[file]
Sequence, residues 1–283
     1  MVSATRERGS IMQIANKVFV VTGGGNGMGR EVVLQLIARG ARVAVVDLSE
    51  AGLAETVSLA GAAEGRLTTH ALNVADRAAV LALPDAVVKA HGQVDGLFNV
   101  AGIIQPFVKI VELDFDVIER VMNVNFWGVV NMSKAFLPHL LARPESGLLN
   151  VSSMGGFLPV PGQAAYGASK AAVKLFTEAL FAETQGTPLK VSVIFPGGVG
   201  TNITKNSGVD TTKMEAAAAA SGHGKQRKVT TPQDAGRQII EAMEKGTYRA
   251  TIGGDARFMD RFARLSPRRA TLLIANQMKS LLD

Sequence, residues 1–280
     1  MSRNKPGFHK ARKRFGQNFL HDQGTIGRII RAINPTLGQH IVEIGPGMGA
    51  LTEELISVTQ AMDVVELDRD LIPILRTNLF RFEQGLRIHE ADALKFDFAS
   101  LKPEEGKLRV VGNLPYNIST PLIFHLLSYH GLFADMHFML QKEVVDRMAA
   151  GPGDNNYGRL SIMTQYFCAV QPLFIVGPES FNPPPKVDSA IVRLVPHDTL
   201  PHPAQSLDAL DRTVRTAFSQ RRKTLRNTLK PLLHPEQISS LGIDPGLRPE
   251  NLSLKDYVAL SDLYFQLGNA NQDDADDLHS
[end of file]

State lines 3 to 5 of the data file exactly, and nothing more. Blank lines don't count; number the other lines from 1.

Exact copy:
    51  AGLAETVSLA GAAEGRLTTH ALNVADRAAV LALPDAVVKA HGQVDGLFNV
   101  AGIIQPFVKI VELDFDVIER VMNVNFWGVV NMSKAFLPHL LARPESGLLN
   151  VSSMGGFLPV PGQAAYGASK AAVKLFTEAL FAETQGTPLK VSVIFPGGVG